By Hans Morgenstern
By Joseph Hess
By Peter Gilstrap
By Julia Burch
By Jeremy Essig
By Nathan Smith
By Julie Seabaugh
By Julie Seabaugh
With a Bang: It starts with bright, raw guitar tones: a jolt. Then downbeat toms, a tribal call, and the bass line enters carrying the melody. That's how With a Bang, the new Blind Eyes album, opens, by drawing you to the present, to the exact moment that's happening and nothing else. And Seth Porter starts singing: "I took a moment to asses what had been happening/and it was staggering how much I'd missed."
Into the Breach: On more than one occasion, Porter has described the new album as less bouncy than the band's 2009 debut, Modernity. More running, perhaps, and less skipping. Generally it's true, but track two is a song for which the only appropriate response is jaunty snapping. It's three-and-a-half minutes long but feels like two. "I think economy is definitely the staple of this band," says Porter. "There's not a lot of fat."
Hermetically Sealed: Let's not discount the quality of the songs, which is high, but some part of this band's success in St. Louis is owed to the charm of its members. Porter is understating things when he says, "I would be surprised if there are a lot of bands around town that are like, 'Those guys are jerks.'" A room with all three (Porter, drummer Matt Picker and bassist Kevin Schneider) tends to be a lively one.
The songs are lively too, and though the lyrics clearly mean something, the Blind Eyes' general intent has more to do with sound than words. After all, the lyrics come last for this band; for a while this song's only words were "Buuh buh buh baaa." Only later did it become about being hunkered in a metaphorical underground, fighting through emotional layers.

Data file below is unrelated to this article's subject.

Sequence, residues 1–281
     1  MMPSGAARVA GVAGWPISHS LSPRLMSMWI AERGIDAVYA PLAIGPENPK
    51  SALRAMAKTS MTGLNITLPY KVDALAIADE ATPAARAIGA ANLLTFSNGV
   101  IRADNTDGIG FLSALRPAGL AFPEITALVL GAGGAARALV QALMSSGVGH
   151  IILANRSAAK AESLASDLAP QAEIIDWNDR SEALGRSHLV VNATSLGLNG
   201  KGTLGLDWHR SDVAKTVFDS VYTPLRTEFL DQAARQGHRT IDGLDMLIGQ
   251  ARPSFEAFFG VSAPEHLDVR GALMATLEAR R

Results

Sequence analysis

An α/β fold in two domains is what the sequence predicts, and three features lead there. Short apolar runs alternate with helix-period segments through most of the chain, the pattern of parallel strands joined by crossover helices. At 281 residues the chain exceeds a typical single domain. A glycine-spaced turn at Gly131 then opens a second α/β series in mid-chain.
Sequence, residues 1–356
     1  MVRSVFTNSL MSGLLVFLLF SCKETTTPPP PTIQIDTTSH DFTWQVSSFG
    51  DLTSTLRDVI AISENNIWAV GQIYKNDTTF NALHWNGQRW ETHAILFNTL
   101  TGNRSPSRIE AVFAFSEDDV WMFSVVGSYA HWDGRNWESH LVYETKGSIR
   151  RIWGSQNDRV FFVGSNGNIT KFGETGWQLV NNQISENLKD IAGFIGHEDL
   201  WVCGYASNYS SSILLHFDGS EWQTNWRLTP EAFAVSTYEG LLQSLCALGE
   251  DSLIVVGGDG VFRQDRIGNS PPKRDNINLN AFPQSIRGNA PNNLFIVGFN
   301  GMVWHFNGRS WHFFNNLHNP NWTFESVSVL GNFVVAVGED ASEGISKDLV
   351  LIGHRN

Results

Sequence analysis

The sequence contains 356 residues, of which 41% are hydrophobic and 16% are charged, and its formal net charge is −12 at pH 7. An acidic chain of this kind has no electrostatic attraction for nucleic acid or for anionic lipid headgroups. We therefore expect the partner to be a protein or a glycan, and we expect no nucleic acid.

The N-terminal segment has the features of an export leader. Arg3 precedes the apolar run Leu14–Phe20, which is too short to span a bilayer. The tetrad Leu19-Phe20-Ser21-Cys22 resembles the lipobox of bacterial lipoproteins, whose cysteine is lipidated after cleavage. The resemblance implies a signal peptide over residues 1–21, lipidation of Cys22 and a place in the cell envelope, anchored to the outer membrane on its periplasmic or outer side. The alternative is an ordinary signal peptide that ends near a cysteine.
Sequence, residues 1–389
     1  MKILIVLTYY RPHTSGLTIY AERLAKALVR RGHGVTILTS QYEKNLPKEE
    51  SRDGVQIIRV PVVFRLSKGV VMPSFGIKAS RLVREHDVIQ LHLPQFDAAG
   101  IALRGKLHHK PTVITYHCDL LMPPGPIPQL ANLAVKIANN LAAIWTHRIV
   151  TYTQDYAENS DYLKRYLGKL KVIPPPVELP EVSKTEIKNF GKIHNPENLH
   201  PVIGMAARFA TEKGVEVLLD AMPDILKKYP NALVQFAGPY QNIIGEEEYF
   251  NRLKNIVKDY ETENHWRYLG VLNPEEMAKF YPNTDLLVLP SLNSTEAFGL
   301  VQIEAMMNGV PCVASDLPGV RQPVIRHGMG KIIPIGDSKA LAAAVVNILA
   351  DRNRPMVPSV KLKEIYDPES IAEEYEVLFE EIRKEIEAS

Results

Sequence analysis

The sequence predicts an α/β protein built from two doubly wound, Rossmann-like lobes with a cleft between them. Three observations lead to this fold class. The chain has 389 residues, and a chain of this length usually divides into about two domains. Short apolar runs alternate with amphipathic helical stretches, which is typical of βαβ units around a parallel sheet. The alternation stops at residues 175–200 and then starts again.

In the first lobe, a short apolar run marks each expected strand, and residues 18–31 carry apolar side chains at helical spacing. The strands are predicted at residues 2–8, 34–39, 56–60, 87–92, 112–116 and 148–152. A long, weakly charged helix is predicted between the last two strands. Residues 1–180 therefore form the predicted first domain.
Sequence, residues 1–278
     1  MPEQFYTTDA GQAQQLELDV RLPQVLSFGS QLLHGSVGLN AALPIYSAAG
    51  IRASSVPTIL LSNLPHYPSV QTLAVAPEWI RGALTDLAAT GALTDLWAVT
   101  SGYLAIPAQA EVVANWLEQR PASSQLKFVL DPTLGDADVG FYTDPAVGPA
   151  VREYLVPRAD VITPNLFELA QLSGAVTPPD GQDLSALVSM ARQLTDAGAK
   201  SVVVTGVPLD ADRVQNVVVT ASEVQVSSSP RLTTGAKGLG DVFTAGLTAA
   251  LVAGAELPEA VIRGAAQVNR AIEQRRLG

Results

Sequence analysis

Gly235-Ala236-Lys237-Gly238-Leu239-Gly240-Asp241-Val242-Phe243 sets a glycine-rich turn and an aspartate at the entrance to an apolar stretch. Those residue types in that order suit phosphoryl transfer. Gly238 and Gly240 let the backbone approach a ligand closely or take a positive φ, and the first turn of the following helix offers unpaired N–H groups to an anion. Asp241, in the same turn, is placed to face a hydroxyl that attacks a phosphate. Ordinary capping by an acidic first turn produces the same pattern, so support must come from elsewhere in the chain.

Porter, describing With a Bang, says, "Just about everything on there, eleven out of twelve..."
Picker interjects. "Is a bummer," he says.
Porter ignores him and finishes the thought: "...is pretty uptempo rock & roll or poppy kind of songs."
"Hermetically Sealed" is ultimately optimistic: Lines like "I've got some layers to peel" and "summer is coming soon" situate the narrator within sight of a better day.
Hold Down the Fort: The oldest song on the album works in sort of the opposite way. Inspired by poachers who steal St. Louis' sturdy brick from abandoned buildings and sell it elsewhere, the song draws a satisfying parallel to the fleeing populace.
There's a pride among those who have endured in one way or another, and that's the bulk of "Hold Down the Fort." It is a toast raised to the people making homes in St. Louis, but right at the end, to a room full of glasses triumphantly tipped into mouths, comes the line: "The cure to all your ills/Is headed for the hills."
"One day I was bummed out about St. Louis," says Porter. "And I was like, 'Even the buildings are picking up and leaving.'"
Satisfactory: All three of these guys have been playing music too long to define success by numbers. "Whether we sell a hundred of them on June 11th or ten of them," says Porter of With a Bang, "we still gotta go to work on Monday."
"For me, the goal is, I want to do a good job. In a year or two, when I put on this record, I want to say: 'You know, we did pretty good work on this.'"
Another Last Night: The one song on the album written and sung by Schneider as opposed to Porter comes at the halfway point. He's got a punk past and it shows. It hurries in a way the other tracks don't, and where Porter tends to write contemplative, thought-process lyrics, Schneider delivers hasty conviction: "And I/Never want another last night."